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PERB Finds County Guilty Of Bad Faith Effects Bargaining Because Of Misrepresentations And Exploding Offer
In November 2017, the Criminal Justice Attorneys Association of Ventura County (Association) filed an unfair practice charge alleging the County of Ventura unilaterally characterized accrued leave as taxable income. A few weeks later, the Association filed a second unfair practice charge accusing the County of bad faith bargaining during the meet and confer over changes to represented employees’ paid leave plan. The parties consolidated both charges for the administrative hearing.
Following the hearing, an administrative law judge (ALJ) issued a proposed decision. The proposed decision found that the County violated its duty to bargain in good faith by unilaterally implementing its decision to withhold taxes on “constructive receipt income” without completing negotiations over the negotiable effects of that decision. In addition, the ALJ found that the County bargained in bad faith during its negotiations to amend the annual leave redemption plan. Specifically, the ALJ found that the County misrepresented its tax withholding plan and made an exploding offer without justification. The ALJ dismissed the Association’s remaining allegations. The County filed exceptions to the proposed decision.
Under the parties’ Memorandum of Understanding (MOU), each employee accrued annual leave on a biweekly basis at a rate based on length of service. Employees could use annual leave hours for paid time off or redeem them for cash. Before August 2016, the County neither reported accrued annual leave hours as taxable income, nor withheld taxes based on such hours until employees either used them as paid time off or redeemed them.
However, in the summer of 2016, County Counsel met with the County’s elected Auditor-Controller to express concerns about the tax implications of the redemption option in the County’s annual leave plans. The Auditor-Controller subsequently conducted an investigation and sent a letter to all County unions indicating that the redemption option in the plan risked exposing both employees and the County “to unintentional tax consequences under a tax principle known as the ‘constructive receipt doctrine.’” The Auditor-Controller noted that the County’s MOUs could be amended to avoid this issue, but in the absence of an agreement, he was legally obligated to comply with federal tax laws and would begin reporting the annual leave plan benefits as taxable income in the tax year 2017.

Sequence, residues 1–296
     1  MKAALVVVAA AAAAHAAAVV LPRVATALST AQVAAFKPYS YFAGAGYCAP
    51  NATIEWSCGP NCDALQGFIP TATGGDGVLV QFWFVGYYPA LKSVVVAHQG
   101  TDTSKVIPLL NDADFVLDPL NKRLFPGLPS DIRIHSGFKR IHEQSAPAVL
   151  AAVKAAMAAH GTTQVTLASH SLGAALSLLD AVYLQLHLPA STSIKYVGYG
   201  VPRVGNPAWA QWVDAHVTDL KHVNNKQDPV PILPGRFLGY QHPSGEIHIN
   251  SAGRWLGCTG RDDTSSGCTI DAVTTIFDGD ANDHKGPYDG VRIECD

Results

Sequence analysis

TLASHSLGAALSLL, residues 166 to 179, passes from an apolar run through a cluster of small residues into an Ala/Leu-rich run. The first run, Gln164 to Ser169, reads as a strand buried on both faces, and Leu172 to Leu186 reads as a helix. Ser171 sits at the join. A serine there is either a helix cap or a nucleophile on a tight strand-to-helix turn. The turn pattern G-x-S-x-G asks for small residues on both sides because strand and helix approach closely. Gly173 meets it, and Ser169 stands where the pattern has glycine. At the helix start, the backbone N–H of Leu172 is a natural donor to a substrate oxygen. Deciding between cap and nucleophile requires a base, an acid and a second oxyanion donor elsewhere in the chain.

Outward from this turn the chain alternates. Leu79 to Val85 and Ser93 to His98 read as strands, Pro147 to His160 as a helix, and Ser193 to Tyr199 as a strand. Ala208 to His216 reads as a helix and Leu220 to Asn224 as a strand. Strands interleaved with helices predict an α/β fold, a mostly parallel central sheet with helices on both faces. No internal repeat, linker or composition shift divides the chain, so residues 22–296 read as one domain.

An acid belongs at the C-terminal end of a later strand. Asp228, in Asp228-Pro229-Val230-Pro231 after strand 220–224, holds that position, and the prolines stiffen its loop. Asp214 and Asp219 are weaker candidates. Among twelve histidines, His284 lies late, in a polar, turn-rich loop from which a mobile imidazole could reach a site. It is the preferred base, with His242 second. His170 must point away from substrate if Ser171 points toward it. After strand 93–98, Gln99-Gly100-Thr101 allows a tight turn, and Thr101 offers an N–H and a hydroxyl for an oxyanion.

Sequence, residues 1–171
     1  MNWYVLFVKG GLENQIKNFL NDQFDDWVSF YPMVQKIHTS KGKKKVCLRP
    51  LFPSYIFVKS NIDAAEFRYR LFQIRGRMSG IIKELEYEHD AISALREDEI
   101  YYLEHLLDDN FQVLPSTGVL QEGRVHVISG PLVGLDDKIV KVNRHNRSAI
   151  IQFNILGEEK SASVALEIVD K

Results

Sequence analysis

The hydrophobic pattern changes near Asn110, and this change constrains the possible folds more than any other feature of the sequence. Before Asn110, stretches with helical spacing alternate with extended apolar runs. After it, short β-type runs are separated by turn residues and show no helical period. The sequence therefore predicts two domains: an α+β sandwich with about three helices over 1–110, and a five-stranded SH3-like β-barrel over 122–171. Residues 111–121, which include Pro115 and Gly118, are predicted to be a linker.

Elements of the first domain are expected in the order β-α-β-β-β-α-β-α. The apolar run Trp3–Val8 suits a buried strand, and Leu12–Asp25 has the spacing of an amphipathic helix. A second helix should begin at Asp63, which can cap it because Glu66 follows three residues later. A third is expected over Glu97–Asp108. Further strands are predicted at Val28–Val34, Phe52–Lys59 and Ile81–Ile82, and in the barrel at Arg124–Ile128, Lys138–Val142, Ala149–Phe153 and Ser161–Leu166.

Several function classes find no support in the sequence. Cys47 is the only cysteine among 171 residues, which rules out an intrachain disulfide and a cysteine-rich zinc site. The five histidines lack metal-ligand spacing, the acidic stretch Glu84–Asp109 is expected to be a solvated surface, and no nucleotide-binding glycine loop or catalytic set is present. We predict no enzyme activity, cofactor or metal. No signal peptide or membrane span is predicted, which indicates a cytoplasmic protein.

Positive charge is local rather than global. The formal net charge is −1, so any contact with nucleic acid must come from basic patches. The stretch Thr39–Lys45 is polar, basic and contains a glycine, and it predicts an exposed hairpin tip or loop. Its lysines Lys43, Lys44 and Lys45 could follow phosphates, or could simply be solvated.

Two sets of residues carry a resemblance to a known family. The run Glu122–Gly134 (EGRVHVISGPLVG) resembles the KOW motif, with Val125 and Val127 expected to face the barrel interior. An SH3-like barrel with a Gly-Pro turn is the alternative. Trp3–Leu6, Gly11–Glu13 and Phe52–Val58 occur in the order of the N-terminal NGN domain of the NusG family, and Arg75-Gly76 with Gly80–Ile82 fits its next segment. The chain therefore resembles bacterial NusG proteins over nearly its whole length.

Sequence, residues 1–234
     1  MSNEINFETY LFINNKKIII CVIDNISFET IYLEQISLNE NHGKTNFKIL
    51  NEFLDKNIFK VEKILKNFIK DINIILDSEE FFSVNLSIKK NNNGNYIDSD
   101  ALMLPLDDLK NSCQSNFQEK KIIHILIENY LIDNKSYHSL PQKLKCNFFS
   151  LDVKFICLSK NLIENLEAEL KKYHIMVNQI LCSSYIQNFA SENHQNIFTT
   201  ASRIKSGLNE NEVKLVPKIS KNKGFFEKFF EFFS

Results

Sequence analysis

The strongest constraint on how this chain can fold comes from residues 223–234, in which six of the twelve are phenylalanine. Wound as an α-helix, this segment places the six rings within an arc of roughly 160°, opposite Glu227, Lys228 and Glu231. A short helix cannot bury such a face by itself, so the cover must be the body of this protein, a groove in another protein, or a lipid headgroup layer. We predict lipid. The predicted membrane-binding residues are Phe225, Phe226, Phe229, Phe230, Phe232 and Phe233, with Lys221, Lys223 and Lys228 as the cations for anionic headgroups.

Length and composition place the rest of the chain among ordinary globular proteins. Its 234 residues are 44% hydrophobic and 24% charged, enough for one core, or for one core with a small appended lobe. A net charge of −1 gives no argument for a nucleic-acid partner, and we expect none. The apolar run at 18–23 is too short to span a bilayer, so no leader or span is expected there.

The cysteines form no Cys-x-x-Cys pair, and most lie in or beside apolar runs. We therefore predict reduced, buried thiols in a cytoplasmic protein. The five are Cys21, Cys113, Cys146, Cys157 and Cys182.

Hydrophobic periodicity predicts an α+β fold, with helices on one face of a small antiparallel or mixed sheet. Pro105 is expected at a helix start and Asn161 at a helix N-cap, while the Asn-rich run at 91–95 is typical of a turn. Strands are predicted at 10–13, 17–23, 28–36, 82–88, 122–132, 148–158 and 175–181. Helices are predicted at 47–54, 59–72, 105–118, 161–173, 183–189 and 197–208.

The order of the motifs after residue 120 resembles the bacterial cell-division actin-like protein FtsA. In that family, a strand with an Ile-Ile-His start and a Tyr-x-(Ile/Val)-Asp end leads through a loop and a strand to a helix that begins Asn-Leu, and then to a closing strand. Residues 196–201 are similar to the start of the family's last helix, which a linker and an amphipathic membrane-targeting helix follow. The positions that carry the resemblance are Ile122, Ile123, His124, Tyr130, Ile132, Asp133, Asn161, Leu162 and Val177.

Representatives from the County’s HR Department then sought to meet with each of the County’s 10 unions, including the Association. While meeting with the Association, the County reiterated its position from the Auditor-Controller’s letter: absent changes to the redemption plan, the County intended to start treating accrued leave eligible for redemption as constructively received income. The County suggested reopening negotiations on the applicable MOU provision and presented three ideas for modifying the leave plan. However, the Association expressed concerns, and the meeting ended without any agreement. Thereafter, the County submitted its first written proposal including the three options discussed at the prior meeting.
After reviewing the County’s proposal, counsel for the Association sent a letter to the County asserting that its leave plans did not trigger the constructive receipt doctrine because they already included substantial limitations on employees’ ability to redeem leave hours. The County again requested to meet over changing the leave plan. The parties exchanged other proposals; however, they did not reach an agreement on the constructive receipt issue.
In January 2017, the parties began negotiations for a successor MOU. While they negotiated the redemption language in their annual leave plan on multiple occasions and issued numerous proposals, they were again unable to reach an agreement. When the Association asked questions to learn more about the County’s constructive receipt tax implementation plan, the County’s lead negotiator responded that except for a few minor exceptions, the County would only be reporting accrued leave hours as taxable constructive receipt income and that, for the most part, there would be no tax withholding.
On April 4, 2017, the County issued a proposal that expired on April 7, 2017. While there was some confusion as to which elements of the County’s proposal would expire, the Association did not accept the proposal and the County withdrew it. The parties subsequently reached a tentative agreement for a three-year successor MOU, but the tentative agreement contained no provisions designed to address the constructive receipt issue. The Association ratified the tentative agreement in May 2017.
In September 2017, the Chief Deputy Auditor-Controller sent a letter to all employees whose unions had not agreed to modify their leave redemption plans. That letter said that the County would treat the value of accrued leave as constructively received income. The Auditor-Controller’s Office later confirmed that it would be both reporting constructively received income and withholding taxes on that income from employees’ paychecks.